Published On: Sun, Mar 30th, 2014

UNODC Boss, Obasanjo, Giade Take Campaign against Drug Consumption to Austria


By Oghenekevwe Laba
Executive Director of the United Nations Office on Drugs and Crime (UNODC), Yury Fedotov, former President of Nigeria and current Chair of West African Commission on Drugs (WACD), President Olusegun Obasanjo and Chairman/Chief Executive, National Drug Law Enforcement Agency (NDLEA), Ahmadu Giade have called for increased attention to health, drug abuse prevention and treatment in West Africa. This was disclosed at the just concluded 57th Session of the Commission on Narcotic Drugs (CND) held in Vienna, Austria with highlight on impact of drug consumption on governance, security and development.
Mr. Fedotov said, “I would like to stress particularly the need of strengthening public health in a comprehensive, balanced, scientific evidence-based approach. There is urgent need to address demand and facilitate quality treatment and rehabilitation services”.

President Obasanjo highlighted the importance of stepping up actions to end drug-related user problems in the region. In his words, “drugs pose a serious threat to peace and security in West Africa. Organized crime syndicates use the region as a hub to transit drugs to other parts of the world. This development calls for funding to be more proportionately directed towards health, treatment and rehabilitation services, which are lacking”.
The Chairman/Chief Executive of the National Drug Law Enforcement Agency (NDLEA) Ahmadu Giade also canvassed increased attention on health challenges of drug use. “We have observed the huge health challenge resulting from both local drug production and influx of drugs into West Africa. It is imperative for stakeholders to devote quality attention to the attendant health problems of illicit drug use. This can be addressed through improved funding, training of health care personnel and establishment of Treatment and Rehabilitation Centres” Giade stated.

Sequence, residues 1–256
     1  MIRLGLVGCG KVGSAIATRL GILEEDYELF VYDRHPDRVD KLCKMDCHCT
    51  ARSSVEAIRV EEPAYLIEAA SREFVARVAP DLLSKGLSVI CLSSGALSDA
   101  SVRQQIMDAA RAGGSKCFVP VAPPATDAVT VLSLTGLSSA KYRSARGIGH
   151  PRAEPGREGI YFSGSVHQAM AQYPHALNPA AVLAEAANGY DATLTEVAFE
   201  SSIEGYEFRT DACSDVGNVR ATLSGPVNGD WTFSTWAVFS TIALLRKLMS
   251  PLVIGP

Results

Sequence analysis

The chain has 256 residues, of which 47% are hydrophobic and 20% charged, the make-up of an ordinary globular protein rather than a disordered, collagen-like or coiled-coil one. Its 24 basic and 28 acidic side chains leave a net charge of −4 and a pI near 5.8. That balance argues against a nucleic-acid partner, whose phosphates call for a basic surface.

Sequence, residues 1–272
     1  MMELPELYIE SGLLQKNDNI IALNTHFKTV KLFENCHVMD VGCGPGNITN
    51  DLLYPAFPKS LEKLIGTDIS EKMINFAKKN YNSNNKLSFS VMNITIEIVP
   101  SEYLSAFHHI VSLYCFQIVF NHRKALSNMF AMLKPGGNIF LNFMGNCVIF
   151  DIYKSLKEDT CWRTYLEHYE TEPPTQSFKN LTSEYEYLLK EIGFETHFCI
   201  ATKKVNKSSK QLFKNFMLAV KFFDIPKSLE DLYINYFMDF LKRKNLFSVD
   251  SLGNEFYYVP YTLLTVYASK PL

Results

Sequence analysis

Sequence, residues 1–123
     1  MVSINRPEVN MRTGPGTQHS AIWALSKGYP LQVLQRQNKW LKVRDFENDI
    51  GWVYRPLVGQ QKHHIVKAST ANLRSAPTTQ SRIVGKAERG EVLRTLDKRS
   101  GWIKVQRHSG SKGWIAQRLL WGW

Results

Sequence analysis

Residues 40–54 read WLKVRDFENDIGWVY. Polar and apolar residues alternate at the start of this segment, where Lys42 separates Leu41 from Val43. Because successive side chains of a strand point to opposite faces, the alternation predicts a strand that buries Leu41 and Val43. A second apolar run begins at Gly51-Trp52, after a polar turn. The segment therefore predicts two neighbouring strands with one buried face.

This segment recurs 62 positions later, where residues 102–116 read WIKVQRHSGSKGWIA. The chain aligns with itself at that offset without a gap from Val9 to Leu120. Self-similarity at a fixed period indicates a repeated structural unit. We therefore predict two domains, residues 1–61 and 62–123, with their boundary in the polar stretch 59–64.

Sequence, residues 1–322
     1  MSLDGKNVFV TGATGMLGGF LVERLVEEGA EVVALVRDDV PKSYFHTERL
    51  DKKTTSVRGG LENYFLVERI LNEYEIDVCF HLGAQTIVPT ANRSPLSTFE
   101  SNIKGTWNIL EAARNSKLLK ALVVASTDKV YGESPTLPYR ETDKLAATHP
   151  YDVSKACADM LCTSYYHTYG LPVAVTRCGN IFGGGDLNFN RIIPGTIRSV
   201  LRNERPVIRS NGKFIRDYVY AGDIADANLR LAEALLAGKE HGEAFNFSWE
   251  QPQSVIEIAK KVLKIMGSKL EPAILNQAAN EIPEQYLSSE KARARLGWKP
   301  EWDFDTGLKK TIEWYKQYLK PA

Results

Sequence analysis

NDLEA Chairman added that strengthening existing structures like WACD and West Africa Joint Operations (WAJO) will enhance the unity and capacity of member nations in confronting drug trafficking syndicates and ultimately prevent West Africa from being used as a drug hub.
Mr. Fedotov observed that “the trafficking of cocaine remains a serious challenge and there has been an increase in the amount of heroin trafficked into the region, especially since 2010. Methamphetamine production in West Africa is rising while trafficking of ephedrine is a matter of serious concern. Meanwhile, local drug use appears to have intensified, this has become an issue for public health and safety, with an attendant rise in the number of new HIV infections attributed to injecting drug use”.
WACD Commissioner Dr. Mohammad-Mahmoud Ould Mohamedou also emphasized the health repercussions of drugs in West Africa. “The region has historically been considered a transit destination, indications show that consumption is climbing, particularly among youth, as is the local production of drugs such as cannabis. With high levels of poverty and unemployment, more jobs are also needed as young people in particular might regard drug trafficking as an attractive income generating opportunity” Dr. Mohammad-Mahmoud noted.
Resolutions passed by Member States cover such touchstone drug policy issues as alternative development, substance use disorders, new psychoactive substances, ensuring adequate services for drug abusers and evidence-based drug use prevention.

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